Tobacco and Alcohol Use in G-Rated Children's Animated Films | Pediatrics | JAMA | JAMA Network
[Skip to Navigation]
Access to paid content on this site is currently suspended due to excessive activity being detected from your IP address Please contact the publisher to request reinstatement.
Medicine and the Media
March 24/31, 1999

Tobacco and Alcohol Use in G-Rated Children's Animated Films

Author Affiliations

Author Affiliations: Department of Family Medicine, School of Medicine (Dr Goldstein and Ms Sobel), and the Department of Health Policy and Administration, School of Public Health (Mr Newman), University of North Carolina at Chapel Hill.


Edited by Annette Flanagin, RN, MA, Associate Senior Editor

JAMA. 1999;281(12):1131-1136. doi:10.1001/jama.281.12.1131

Context Tobacco and alcohol use among youth are major public health problems, but the extent to which children are routinely exposed to tobacco and alcohol products in children's films is unknown.

Objective To identify the prevalence and characteristics associated with tobacco and alcohol use portrayed in G-rated, animated feature films.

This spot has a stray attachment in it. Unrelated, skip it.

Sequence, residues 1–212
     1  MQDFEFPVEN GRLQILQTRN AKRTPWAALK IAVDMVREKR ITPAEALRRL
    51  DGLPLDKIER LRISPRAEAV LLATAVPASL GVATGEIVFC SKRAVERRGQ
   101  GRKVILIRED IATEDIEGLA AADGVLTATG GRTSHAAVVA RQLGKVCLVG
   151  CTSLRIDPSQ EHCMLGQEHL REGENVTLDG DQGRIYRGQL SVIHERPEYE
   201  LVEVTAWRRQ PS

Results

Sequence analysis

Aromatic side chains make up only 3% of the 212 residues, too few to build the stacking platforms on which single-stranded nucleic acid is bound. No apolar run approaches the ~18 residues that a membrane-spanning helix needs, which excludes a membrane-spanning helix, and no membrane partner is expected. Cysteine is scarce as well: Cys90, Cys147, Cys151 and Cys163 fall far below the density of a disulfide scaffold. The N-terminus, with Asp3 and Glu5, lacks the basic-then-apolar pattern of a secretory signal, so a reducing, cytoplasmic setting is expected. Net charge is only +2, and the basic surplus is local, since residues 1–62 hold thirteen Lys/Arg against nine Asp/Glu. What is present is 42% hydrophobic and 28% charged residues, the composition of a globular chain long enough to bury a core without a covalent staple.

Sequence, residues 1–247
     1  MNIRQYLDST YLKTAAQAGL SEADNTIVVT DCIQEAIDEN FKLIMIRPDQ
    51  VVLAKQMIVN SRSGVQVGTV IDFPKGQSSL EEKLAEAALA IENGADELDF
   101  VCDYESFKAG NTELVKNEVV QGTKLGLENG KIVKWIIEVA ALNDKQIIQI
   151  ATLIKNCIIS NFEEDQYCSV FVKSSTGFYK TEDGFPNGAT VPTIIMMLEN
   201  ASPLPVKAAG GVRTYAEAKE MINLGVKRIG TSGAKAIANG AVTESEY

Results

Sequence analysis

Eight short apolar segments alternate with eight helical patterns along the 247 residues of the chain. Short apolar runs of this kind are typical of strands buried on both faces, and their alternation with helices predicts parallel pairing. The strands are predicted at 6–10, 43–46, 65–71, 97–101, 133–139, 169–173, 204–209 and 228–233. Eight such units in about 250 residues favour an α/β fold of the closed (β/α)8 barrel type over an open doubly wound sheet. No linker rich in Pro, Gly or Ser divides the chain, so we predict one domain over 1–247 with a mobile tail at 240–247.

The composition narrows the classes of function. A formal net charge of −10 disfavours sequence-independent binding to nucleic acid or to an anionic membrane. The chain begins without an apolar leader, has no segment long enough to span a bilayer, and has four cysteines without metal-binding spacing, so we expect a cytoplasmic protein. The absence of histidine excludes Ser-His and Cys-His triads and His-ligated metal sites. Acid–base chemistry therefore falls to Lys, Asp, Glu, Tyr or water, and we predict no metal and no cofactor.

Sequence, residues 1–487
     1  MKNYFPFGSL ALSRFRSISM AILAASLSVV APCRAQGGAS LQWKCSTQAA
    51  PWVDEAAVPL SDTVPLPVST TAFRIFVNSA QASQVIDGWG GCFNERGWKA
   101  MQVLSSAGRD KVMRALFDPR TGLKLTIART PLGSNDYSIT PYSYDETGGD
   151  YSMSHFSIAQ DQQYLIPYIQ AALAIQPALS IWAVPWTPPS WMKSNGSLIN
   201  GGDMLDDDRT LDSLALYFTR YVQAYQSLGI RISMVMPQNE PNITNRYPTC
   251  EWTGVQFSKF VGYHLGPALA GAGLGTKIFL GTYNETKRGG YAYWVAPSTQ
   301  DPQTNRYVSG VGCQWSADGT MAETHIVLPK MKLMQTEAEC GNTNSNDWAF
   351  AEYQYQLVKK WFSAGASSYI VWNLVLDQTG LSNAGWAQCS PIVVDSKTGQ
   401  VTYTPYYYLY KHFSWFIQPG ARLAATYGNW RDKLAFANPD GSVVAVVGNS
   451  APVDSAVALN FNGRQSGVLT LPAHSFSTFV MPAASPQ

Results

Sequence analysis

Design All G-rated, animated feature films released between 1937 and 1997 by 5 major production companies (Walt Disney Co, MGM/United Artists, Warner Brothers Studios, Universal Studios, and 20th Century Fox) that were available on videotape were reviewed for episodes of tobacco and alcohol use.

Main Outcome Measures Presence of tobacco and alcohol use in each film, type of tobacco or alcohol used, duration of use, type of character using substance (bad, neutral, or good), and any associated effects.

Results Of 50 films reviewed, 34 (68%) displayed at least 1 episode of tobacco or alcohol use. Twenty-eight (56%) portrayed 1 or more incidences of tobacco use, including all 7 films released in 1996 and 1997. Twenty-five films (50%) included alcohol use. Smoking was portrayed on screen by 76 characters for more than 45 minutes in duration; alcohol use was portrayed by 63 characters for 27 minutes. Good characters use tobacco and alcohol as frequently as bad characters. Cigars and wine are shown in these films more often than other tobacco or alcohol substances.

Conclusions More than two thirds of animated children's films feature tobacco or alcohol use in story plots without clear verbal messages of any negative long-term health effects associated with use of either substance.